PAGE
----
Monthly Archives: July 2017

‘A camel is a horse designed by a committee.’ Alec Issigonis.

Camel milk.  Yes, you heard me right—this post is going to be about camel milk.  Why?  Well, it’s like this . . .

As usual, it got to about Thursday this week before I realised I had not even begun to think about what I might write for my regular Friday post.  (I keep thinking this is going to get easier but it never does.  Sigh.)  Anyway, in a bit of a panic, I went in search of my little ‘blog book’ where (when I think of it) I note down items that have caught my interest and therefore might (hopefully) also be of interest to others.  I hadn’t seen that little book in some time and it took a bit of searching but I eventually found it hidden underneath 4 sketchbooks, 2 pencil cases, a pile of scrap papers and a bunch of crayons which had come loose from their box.  This did not bode well . . .

I sat down and started to read through my notations.  Nope.  Nope.  Done it.  Nope.  Boring.  Sigh.  ‘Why would anyone . . .?  Nope.  Camel milk.  Say what?  Camel milk.  Huh.  I have no recollection of reading, or watching, anything (ever) about camel milk.  I realise of course that camels do produce milk—they have babies after allbut beyond that I don’t recall ever giving it another thought.

But I had noted it in my book and my interest was piqued (again??) so I went in search of camel milk . . .

And guess what?  It turns out that camel milk is the ‘next big thing’!  Who knew?  Not me, and seemingly not very many other Australians either.  Camel milk might be big business elsewhere in the world but in Australia it is still a fledgling industry.  There are only around 10 camel dairies in the whole country but from the amount of buzz online it would seem reasonable to assume that these enterprises are set to expand and develop.  They seem unlikely to have any issues around stocking their dairies at least—Australia is home to the world’s largest population of wild camels.

(Camels were imported here in the early 19th century to be used for transport and heavy work in the outback but when they were no longer needed they were set loose to fend for themselves.  Designed ‘by a committee’ or no, they found themselves particularly suited to the harsh Australian conditions and they throve.  There are now hundreds of thousands of them roaming free across the country.)

Of course, just because there are so many camels wandering free doesn’t mean they are automatically willing to happily stand in line and wait to be milked.  Catching them is difficult (and expensive) and once caught it can then take another 2-6 weeks to train a wild camel to the point where it can be milked. They also yield around four times less milk than a cow, so I guess it is hardly surprising I haven’t spotted camel milk on any of our local supermarket shelves just yet.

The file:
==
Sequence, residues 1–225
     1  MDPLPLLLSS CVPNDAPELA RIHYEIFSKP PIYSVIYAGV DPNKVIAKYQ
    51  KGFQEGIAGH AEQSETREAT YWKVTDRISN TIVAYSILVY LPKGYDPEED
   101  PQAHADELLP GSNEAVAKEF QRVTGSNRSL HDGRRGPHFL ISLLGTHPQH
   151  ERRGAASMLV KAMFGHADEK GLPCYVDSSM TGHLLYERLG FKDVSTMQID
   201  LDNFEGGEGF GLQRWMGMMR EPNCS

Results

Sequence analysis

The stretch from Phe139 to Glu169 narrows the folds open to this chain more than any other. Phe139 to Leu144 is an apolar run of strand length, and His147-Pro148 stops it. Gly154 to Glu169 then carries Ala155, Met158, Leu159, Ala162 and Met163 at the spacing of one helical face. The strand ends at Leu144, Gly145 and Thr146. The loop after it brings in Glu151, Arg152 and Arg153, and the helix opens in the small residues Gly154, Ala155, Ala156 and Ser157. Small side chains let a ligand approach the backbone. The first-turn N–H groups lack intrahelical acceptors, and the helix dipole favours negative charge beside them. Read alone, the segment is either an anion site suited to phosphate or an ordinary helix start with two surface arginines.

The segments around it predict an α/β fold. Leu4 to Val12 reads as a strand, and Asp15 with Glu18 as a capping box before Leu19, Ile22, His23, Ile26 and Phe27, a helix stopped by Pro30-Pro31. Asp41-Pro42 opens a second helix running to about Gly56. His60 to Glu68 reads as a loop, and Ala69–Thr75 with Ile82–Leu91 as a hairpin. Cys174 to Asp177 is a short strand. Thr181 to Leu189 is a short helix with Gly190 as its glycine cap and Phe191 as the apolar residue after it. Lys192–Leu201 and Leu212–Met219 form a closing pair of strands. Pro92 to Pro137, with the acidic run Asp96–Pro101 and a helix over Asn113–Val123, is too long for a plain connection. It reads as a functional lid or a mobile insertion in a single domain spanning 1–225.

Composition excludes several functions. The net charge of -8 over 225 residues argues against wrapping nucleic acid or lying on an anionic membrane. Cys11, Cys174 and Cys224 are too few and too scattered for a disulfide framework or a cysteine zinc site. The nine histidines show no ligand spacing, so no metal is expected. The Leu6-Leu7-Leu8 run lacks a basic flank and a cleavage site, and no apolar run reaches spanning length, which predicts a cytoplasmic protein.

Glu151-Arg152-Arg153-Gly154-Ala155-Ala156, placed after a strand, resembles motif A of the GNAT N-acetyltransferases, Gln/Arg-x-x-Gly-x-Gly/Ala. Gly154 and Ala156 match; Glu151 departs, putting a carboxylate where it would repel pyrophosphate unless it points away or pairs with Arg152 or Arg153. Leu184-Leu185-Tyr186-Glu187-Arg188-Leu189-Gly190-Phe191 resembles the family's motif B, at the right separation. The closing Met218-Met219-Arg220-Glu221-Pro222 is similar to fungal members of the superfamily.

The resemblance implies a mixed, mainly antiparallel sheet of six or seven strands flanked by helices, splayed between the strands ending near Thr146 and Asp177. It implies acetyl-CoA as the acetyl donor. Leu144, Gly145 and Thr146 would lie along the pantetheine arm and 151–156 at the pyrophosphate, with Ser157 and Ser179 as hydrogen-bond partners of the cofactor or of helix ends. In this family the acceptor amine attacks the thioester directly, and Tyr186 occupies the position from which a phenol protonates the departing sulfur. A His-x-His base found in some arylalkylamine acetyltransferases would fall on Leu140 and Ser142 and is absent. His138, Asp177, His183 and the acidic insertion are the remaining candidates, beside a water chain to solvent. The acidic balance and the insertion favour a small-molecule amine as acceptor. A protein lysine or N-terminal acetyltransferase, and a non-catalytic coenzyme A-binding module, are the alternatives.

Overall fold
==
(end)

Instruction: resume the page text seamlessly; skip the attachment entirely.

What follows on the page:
But give it time.  These camel dairies (sorry, but that still sounds so weird—’camel dairies’) are gaining momentum and heading out of cottage industry status into more commercial concerns so availability will slowly go up and prices will eventually come down. And, reading the research, there certainly do seem to be significant health benefits (if you are in to that sort of thing).  Camel milk has more fat and protein and less cholesterol than cow’s milk.  It is three times higher in vitamin C than cow’s milk and 10 times higher in iron.  It is also high in unsaturated fatty acids and B vitamins but lower in vitamin A and B2.  (Oh, and apparently it tastes good too.)   And if you are not much of a milk drinker (like me—hardly ever touch the stuff) other products like cheese and ice-cream (much more enticing) are now also becoming more widely available.

Wow.  Considering I knew nothing about the subject when I started I seem to have just written a substantial promotional advertisement for the camel milk industry! Yikes!  Sorry about that.  (I swear no one was paying me for it—but perhaps they should have been!)

Still, I have left it all too late to re-write now so there you have it.  Camel milk.
All I have to left to say ishere endeth the lesson!


Posted by on July 28, 2017 in Uncategorized


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Donald Duck. “Quacking” people up since 1934 . . .

A couple of months ago, David, the owner of our local movie house, The Plaza Theatre, asked me to do a tidy-up job on an original 1940s advertising board he had recently acquired.  Having never tackled anything like that before I was a bit nervous about taking it on, but I said I’d give it a try.  

(This was ‘sight unseen’ of course.  When David told me about the board I had it in my head that it was going to be about the size of a sandwich-board, so I was somewhat taken aback when he brought it around and I realised it was actually taller than I was!!)